APHA is seeking views on proposed changes to the charging structure and fees for the following plant health services provided by the Animal and Plant Health Agency in England and Wales:
- Inspection of imported plants and plant material and sampling and testing of potatoes imported from Egypt and the Lebanon;
- Seed potato certification;
- Plant passporting;
- Export certification;
- Plant health licensing and
- Certification of fruit propagating material.
The proposals are about changing how it charges for these services. The scope and nature of these services is not changing.
The consultation also seeks information about the impact of the proposals on businesses, including small or micro-businesses.
"The reduction is due to greater precision in how the new methodology calculates the costs; designating some of the costs to be met by government as a public subsidy and efficiencies," says APHA.
Fees for documentary checks and identity checks are charged separately at a flat rate of £5.71 per check per consignment. Physical inspection fees are set based on the type of material inspected (plants, cuttings, bulbs, shrubs etc.) and the size of the consignment (tonnage, number of plants etc). There is an initial fee for each inspection plus an extra charge for consignments above a standard volume, with a maximum charge cap in some cases. This reflects the standard approach to charging set out in the Plant Health Directive. There is no separate charge for any laboratory testing undertaken as part of the physical inspection – the cost is apportioned into the physical inspection fees and spread across all importers. Additional fees apply where, at the request of the importer, physical inspections are undertaken outside normal business hours.
APHA wants to combine the separate charges for documentary checks and identity checks into one fee of £9.71. It wants to move from the volume-based approach to charging for physical inspections to a more cost-based approach, in effect flat fees for each commodity type irrespective of the size of the consignment. There is also a plan to introduce a separate fee of £157.08 to recover the costs of laboratory testing where samples are taken by APHA inspectors because of the suspected presence of a harmful pest or disease. The cost of samples taken on suspicion is currently apportioned into physical inspection fees and spread across all importers. Under the new proposals, only those importers whose consignments are sampled on suspicion would pay.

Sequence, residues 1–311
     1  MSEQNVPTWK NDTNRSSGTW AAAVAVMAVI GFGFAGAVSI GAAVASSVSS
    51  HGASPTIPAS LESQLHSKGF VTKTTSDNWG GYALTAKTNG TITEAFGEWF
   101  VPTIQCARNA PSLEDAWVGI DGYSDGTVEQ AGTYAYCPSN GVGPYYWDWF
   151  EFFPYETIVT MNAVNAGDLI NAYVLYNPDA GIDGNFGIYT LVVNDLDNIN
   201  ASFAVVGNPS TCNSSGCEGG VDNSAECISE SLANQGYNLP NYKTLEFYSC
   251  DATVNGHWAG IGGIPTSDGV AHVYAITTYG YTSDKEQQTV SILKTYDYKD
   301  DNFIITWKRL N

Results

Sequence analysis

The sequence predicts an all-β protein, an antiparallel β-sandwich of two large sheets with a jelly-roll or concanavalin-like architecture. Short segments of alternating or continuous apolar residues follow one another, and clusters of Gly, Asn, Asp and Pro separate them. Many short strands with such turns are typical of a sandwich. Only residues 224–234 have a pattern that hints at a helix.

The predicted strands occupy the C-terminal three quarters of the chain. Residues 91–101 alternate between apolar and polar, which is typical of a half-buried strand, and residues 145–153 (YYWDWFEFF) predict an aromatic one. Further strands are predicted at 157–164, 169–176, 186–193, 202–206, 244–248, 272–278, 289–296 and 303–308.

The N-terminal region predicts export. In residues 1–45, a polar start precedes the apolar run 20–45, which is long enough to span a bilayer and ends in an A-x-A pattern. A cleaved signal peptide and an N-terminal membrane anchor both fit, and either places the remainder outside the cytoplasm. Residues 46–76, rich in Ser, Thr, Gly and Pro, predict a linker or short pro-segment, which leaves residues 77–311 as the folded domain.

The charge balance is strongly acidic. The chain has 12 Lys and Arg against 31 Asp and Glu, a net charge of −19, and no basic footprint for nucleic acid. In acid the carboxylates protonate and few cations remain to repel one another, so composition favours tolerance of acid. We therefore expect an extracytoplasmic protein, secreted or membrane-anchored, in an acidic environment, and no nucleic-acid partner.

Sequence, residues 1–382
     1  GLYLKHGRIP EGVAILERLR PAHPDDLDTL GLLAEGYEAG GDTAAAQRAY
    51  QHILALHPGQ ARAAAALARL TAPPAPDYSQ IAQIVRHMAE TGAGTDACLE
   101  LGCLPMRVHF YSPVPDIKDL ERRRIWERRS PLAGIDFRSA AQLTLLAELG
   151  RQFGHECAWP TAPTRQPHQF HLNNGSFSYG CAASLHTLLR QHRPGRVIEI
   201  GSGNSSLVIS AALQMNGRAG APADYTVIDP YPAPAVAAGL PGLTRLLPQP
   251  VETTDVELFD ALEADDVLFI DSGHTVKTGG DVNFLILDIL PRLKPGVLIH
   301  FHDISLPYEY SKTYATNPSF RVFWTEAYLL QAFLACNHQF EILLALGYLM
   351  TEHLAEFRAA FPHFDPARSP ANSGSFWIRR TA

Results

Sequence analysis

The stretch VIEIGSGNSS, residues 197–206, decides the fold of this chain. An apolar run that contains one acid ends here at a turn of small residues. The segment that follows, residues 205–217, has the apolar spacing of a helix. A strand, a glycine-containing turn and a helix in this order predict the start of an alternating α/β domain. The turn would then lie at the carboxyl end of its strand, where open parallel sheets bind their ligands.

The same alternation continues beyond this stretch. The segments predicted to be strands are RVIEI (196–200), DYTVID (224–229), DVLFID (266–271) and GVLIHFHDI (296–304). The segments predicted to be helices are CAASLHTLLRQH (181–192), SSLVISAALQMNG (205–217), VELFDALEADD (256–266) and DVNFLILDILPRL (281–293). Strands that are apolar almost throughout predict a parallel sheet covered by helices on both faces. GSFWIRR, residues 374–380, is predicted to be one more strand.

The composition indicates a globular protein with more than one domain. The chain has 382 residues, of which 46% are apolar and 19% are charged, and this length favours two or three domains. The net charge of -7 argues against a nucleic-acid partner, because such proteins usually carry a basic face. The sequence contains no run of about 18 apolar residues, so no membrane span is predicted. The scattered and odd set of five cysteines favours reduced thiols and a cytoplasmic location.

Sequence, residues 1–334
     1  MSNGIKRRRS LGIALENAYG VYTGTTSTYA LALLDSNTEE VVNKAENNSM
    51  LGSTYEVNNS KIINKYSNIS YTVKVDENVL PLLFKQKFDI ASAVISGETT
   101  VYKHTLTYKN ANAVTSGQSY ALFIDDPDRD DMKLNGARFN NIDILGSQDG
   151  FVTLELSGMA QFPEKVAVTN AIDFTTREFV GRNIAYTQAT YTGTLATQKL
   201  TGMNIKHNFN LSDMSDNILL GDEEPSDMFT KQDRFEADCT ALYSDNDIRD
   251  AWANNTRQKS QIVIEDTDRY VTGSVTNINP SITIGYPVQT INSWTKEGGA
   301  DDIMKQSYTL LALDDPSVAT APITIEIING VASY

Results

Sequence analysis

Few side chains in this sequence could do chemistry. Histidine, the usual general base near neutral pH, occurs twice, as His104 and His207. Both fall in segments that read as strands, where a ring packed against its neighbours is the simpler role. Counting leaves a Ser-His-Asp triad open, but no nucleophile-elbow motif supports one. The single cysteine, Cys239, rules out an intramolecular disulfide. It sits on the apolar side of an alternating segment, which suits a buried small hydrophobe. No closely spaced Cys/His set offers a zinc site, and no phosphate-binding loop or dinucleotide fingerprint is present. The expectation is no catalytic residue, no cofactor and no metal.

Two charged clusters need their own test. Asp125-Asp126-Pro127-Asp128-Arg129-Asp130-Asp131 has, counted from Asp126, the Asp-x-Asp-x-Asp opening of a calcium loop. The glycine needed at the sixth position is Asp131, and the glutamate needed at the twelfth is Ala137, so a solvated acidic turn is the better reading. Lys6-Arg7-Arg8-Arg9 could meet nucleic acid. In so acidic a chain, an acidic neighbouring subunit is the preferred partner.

"This is intended as an additional signal to importers reinforcing their important role in helping to protect our biosecurity through sourcing material from overseas suppliers with high biosecurity standards."
An additional charge for inspections undertaken outside of ‘normal business hours’ will be removed and the costs of this activity apportioned across all physical inspection fees.
These proposed changes to the fees, together with new cost methodology, will reduce the overall cost of the import inspection service by £543,000 a year (from £3.763m based on the current methodology and 2014/15 costs, to £3.220m based on the new methodology using 2016/17 costs). Approximately £141,000 of this reduction can be attributed to the savings achieved from combining the documentary checks and identity checks into one charge. The remaining £402,000 results from other efficiency gains and savings attributable to the new cost methodology.
Around 80,000 to 100,000 consignments of plants and plant produce (e.g. plants, cut flowers, fruit, vegetables and herbs, potatoes, seeds for sowing, bulbs, grain and growing medium) are imported annually into England and Wales from non-EU countries. Much of this material is imported in large quantities, such as the 2.5 million tonnes of fruit and vegetables imported each year into the UK from over 90 non-EU countries.